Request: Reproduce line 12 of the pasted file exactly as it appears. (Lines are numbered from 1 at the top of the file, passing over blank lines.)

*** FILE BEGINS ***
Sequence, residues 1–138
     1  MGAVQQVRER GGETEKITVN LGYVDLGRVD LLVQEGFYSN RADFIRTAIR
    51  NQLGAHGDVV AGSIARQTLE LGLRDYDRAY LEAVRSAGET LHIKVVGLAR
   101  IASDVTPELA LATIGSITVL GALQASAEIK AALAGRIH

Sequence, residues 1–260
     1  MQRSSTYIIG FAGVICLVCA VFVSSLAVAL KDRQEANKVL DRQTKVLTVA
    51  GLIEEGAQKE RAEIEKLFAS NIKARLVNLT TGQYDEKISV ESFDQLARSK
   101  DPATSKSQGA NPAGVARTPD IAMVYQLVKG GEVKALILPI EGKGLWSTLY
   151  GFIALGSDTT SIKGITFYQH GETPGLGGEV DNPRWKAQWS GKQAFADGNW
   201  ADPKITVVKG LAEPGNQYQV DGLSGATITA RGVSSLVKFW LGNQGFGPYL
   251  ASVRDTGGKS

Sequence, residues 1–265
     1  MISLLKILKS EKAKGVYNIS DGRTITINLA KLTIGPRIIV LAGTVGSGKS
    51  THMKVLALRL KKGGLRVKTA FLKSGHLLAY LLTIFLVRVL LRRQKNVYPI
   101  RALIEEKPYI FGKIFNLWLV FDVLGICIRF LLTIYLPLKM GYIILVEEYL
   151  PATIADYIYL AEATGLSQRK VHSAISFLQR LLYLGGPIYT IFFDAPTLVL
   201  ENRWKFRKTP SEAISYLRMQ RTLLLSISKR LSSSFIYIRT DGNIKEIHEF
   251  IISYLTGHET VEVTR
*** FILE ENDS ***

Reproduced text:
Sequence, residues 1–265